Shri NathanavaratnamalikaEven Shiva bereft of Kundalini Shakti becomes a corpse (Shava) - Devi Bhagavata
This tiny Sanskrit work, the rosary or garland of the nine gems of the Nathas, is found in the 1953 Ganesh & Co version of Sir John Woodroffe's translation and text of the work on Shri Vidya Kamakalavilasa. Ascribed to Maheshanatha, the text includes a commentary by the renowned Shri Vidya upasaka Bhaskararaya (Bhasuranandanath).
The briefness of the text, reproduced in iTrans format below but without Bhaskaraya's commentary, belies its importance, as it deals with the number symbolism of nine and how this relates to the 21,600 breaths a human is supposed to take in a day, as well as the identity of these with the matrikas, or letters of the Sanskrit alphabet, the Shri Yantra, and time itself.
As the first shloka says, Hamsah is the gayatri mantra produced by the breathing, and this is one with the unconscious recitation of the mantra so.aha.m, pervading all human beings.
Sir John Woodroffe says in a commentary to his translation of the Anandalahari (Wave of Bliss), published in 1916: "Shiva can do nothing without Shakti which is of threefold aspect of Iccha (will), Jnana (knowledge) and Kriya (action). The author here speaks of the Mantra Hamsah. Ham is the Bija of Shiva and Sah that of Shakti. Ham+Sah = Hamsah = Sah+Ham = So Ham = So'Ham = Sa+Aham, So Ham being Sah+Ham = Shakti+Shiva; if S and H be eliminated therefrom there remains Ong or Om the Pranava..."
The Navanaths of the title of this work are, in the Tantrarajatantra, linked to the nine orifices of the human body, and to the nine mandalas of the Shri Yantra.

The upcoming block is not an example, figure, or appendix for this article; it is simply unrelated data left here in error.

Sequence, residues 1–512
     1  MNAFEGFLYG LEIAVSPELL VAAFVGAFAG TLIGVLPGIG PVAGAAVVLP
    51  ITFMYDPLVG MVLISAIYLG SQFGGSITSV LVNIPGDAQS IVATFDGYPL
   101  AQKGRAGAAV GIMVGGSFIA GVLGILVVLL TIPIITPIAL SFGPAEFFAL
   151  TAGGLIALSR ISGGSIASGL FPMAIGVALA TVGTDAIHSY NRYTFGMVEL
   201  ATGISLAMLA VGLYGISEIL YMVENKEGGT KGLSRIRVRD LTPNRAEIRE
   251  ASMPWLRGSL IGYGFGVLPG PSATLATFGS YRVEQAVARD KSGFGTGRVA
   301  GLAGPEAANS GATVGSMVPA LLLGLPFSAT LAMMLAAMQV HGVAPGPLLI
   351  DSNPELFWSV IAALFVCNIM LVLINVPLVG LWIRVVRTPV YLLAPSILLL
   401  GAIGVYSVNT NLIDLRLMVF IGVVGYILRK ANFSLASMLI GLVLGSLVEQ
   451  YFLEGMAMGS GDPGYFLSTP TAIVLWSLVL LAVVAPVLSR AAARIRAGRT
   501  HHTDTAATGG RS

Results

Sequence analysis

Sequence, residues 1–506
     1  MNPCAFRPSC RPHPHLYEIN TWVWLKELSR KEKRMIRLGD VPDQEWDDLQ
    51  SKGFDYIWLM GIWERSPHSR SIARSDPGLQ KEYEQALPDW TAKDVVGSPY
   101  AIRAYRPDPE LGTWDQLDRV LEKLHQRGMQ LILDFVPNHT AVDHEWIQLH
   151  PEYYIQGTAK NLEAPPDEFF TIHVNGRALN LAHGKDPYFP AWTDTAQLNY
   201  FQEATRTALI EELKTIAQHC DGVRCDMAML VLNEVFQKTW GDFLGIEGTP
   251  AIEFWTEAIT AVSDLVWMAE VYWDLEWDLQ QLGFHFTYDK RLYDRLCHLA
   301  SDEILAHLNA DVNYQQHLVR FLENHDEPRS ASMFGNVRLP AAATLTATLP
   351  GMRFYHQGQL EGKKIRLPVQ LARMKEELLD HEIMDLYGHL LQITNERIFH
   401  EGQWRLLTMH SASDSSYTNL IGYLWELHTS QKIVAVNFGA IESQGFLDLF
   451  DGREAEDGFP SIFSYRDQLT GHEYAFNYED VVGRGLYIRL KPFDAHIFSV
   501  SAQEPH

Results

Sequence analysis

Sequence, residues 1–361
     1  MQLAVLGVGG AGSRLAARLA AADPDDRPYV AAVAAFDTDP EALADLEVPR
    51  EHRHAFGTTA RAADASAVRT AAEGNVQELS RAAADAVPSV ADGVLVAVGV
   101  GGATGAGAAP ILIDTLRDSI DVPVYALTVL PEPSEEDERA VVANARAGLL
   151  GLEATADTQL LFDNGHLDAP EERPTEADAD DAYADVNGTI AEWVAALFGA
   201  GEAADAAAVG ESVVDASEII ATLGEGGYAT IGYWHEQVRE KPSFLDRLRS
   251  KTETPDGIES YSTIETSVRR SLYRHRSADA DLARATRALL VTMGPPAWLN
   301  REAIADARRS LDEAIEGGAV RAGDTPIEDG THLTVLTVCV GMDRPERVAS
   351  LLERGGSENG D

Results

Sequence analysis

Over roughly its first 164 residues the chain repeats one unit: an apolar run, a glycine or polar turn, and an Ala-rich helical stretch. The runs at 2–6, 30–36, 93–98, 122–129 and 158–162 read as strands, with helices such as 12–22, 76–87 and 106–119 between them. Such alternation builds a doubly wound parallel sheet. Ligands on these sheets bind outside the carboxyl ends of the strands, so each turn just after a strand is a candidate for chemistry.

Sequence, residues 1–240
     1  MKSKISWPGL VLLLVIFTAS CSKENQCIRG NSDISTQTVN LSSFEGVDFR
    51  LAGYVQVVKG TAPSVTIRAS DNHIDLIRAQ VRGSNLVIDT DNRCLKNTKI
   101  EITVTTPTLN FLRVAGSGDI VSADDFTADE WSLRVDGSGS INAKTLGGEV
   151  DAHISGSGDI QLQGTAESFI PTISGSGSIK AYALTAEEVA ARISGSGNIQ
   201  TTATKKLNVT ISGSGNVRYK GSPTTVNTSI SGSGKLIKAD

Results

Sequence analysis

As a human being, in these schools, is considered as a microcosm, the in-breathing and the out-breathing symbolise the creation and the dissolution of the universe. The realisation of Ha+Sa, Sun and Moon, Shiva and Shakti, in-breathing and out-breathing is to become one with the universe itself.
But this, according to these schools, cannot be achieved without a yogic understanding of the other effects of the wheel of time, one, as the Yoginihridaya states, with the mandalas of the Shri Chakra, the letters of the alphabet (sound/mantra), and the Shaktis or attendants of the goddess.
Some of these Shaktis, as the introduction to the Malinivijayottaratantra have the function of preventing such a realisation, while others foster this. Further, according to various texts and commentaries of Kashmir Shaivism, ignorance and other defects also prevent the realisation of one's essential unity with Shiva-Shakti. The normal course of creation is pravritti, an expansion or flowing outward. The sadhaka is to cultivate nivritti, ulta sadhana - a reverse movement, or kaya sadhana - cultivation of the body.
This may have little or much to do with ritual worship (puja), which if performed without an inner realisation of the principles it embodies is considered to be mummery.
The different nyasas of the Shri Vidya tradition are intended to bring to a sadhaka the realisation of his or her essential unity with the matrikas, with the constellations (rashi) planets (graha) which includes the Sun and the Moon) and the 27 asterisms (nakshatra), and breath itself.
Practical ways to achieve this realisation are reputed to be the inner tradition of sadhana taught in some schools, and which may include a number of different methods. Some of these may require an intense struggle because an individual, not realising that she or he is Shiva-Shakti, instead identifies with partial aspects or Shaktis.
The Tantrarajatantra hints at some of these methods, such as the way the grahas or planets influence the breath and therefore prevent this realisation as they affect the musculature and other parts of the human bionergetic web. Freeing oneself from these misidentifications also frees up the natural flow of Pranashakti (herself one with the supreme Devi), in the body.
A teacher who understands the movement of these currents (nadis) and the relationship between the wheel of time (Kalachakra), divinity, and the body itself is said to be a requisite in these different tantrik schools.
(Kindly send any corrections to the Sanskrit text to Mike Magee)
Artwork is © Jan Bailey, 1996-2006. Translations are © Mike Magee 1996-2006. Questions or comments to firstname.lastname@example.orgHome Page